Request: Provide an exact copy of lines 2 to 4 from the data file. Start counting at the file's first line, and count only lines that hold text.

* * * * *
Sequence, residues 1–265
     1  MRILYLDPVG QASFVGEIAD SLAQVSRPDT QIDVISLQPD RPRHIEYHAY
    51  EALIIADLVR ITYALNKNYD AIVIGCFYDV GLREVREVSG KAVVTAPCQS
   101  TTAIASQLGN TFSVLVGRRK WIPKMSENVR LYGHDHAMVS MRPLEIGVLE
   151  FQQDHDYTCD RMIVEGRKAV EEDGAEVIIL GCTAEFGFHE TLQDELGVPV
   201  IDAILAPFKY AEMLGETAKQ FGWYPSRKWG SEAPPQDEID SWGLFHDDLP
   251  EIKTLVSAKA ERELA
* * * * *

     1  MRILYLDPVG QASFVGEIAD SLAQVSRPDT QIDVISLQPD RPRHIEYHAY
    51  EALIIADLVR ITYALNKNYD AIVIGCFYDV GLREVREVSG KAVVTAPCQS
   101  TTAIASQLGN TFSVLVGRRK WIPKMSENVR LYGHDHAMVS MRPLEIGVLE